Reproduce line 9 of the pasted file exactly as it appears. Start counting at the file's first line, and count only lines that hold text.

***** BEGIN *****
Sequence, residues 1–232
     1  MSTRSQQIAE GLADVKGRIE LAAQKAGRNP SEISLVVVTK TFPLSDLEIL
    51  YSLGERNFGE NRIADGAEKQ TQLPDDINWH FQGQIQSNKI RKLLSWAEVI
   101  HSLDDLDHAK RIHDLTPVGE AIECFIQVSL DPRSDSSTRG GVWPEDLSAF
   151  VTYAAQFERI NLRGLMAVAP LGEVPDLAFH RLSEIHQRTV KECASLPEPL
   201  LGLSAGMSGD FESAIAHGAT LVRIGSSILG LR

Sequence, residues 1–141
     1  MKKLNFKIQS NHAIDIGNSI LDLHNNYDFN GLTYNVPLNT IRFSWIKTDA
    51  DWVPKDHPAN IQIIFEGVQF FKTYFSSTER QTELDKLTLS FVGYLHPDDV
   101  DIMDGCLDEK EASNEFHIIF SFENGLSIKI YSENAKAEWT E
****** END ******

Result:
    51  DWVPKDHPAN IQIIFEGVQF FKTYFSSTER QTELDKLTLS FVGYLHPDDV